> the trunk; the additional burden for contributed patches is not great.
> There is no real advantage to having contributors do so, too.
> Integrators and interested third parties also must keep track of
> contributor's repo URLs. (Cf. Skip's question about discovering repos.)
> Not happy stuff.
> The "record && push" workflow scales much better for numbers of
> contributors, as each contributor needs only to maintain one "push"
> URL, and integrators only one "pull" base URL.
> > > * Not commit anything anywhere but just submit patches to the
> > > tracker?
> "Patch from workspace" workflow.
> > Likely possible, but it's good to have the patch committed locally so
> > you can modify it or continue to build upon it until it gets accepted.
> The same considerations as "record && patch" also apply here.
> > > In addition:
> > >
> > > * Will there be a central repository?
> > Generally there should be a central authoritative repository where
> > people can turn to for the official version.
> Ie, "yes". There's no point in a PEP unless there's going to be a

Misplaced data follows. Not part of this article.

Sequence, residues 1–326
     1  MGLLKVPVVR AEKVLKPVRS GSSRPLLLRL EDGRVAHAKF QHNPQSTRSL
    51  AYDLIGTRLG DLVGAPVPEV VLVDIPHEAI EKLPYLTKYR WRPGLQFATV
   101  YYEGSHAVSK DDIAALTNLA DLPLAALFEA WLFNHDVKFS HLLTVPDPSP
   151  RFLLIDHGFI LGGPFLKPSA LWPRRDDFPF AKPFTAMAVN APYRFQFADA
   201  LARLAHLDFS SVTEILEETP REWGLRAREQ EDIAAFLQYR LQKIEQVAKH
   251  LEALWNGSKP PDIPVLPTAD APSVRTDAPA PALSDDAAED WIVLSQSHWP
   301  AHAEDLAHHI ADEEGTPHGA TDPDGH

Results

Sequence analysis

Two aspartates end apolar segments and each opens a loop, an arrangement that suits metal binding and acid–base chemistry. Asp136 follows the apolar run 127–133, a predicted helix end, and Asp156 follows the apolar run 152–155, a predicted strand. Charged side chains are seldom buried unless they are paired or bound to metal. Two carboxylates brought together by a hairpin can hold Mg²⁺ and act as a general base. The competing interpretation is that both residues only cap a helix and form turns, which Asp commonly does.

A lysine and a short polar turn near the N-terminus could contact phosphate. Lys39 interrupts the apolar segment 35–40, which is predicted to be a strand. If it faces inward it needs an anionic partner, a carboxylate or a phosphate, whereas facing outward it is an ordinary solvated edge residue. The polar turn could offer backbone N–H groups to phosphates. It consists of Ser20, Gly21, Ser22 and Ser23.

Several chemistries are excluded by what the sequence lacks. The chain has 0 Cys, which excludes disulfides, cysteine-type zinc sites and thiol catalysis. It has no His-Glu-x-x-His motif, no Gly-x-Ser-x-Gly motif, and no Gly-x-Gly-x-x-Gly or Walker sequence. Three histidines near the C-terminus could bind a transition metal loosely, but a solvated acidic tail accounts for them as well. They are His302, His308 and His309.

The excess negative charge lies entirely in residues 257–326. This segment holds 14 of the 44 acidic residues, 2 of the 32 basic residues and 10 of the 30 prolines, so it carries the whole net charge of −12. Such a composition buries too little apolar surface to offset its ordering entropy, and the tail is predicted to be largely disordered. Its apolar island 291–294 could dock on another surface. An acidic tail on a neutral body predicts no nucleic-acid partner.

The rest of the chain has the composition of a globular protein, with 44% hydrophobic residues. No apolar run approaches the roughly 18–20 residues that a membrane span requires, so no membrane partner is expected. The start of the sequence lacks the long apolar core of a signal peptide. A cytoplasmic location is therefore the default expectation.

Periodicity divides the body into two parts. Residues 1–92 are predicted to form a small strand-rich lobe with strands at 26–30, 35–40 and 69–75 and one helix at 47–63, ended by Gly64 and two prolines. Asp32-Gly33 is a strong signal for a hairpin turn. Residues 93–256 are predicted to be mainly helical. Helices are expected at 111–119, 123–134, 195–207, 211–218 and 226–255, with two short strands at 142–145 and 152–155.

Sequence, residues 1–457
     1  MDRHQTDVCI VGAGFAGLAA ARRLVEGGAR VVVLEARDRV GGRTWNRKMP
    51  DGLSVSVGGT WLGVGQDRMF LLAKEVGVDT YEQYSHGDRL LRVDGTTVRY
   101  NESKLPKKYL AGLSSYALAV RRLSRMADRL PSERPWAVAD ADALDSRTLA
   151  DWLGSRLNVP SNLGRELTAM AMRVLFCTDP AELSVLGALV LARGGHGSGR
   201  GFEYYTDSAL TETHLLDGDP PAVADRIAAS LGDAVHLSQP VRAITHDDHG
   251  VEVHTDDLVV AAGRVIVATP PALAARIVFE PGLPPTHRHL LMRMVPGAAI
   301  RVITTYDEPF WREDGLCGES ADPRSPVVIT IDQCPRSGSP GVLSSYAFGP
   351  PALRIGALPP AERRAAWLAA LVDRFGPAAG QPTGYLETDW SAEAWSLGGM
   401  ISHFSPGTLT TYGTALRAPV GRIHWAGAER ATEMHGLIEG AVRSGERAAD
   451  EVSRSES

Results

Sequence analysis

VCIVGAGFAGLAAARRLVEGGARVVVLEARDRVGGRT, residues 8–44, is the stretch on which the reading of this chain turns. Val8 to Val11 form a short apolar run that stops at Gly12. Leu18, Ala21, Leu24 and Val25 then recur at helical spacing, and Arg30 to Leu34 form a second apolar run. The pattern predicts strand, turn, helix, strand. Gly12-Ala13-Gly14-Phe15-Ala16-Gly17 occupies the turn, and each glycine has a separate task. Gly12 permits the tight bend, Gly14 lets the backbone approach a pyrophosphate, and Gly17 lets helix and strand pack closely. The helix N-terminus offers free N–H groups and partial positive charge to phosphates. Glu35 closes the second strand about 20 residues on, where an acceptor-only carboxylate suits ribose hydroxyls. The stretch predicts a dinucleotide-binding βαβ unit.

> central repo and a defined workflow for getting contributions into it.
> Note that you can always maintain your own local repo with dVCS.
> > > * How will I know which of possibly many repos is "authoritative"?
> > The authoritative repo should generally be linked to from the website
> > so that people can easily find it.
> That depends. The notion of "authoritative" gets weakened in a
> distributed system, and probably more important is "which repo will be
> used to make the next official release".
> However, although I can't say what the mechanism will be, be sure you
> will not have a problem learning which is authoritative for the trunk
> or where to find RCs and releases. (If you do, it's a doc problem and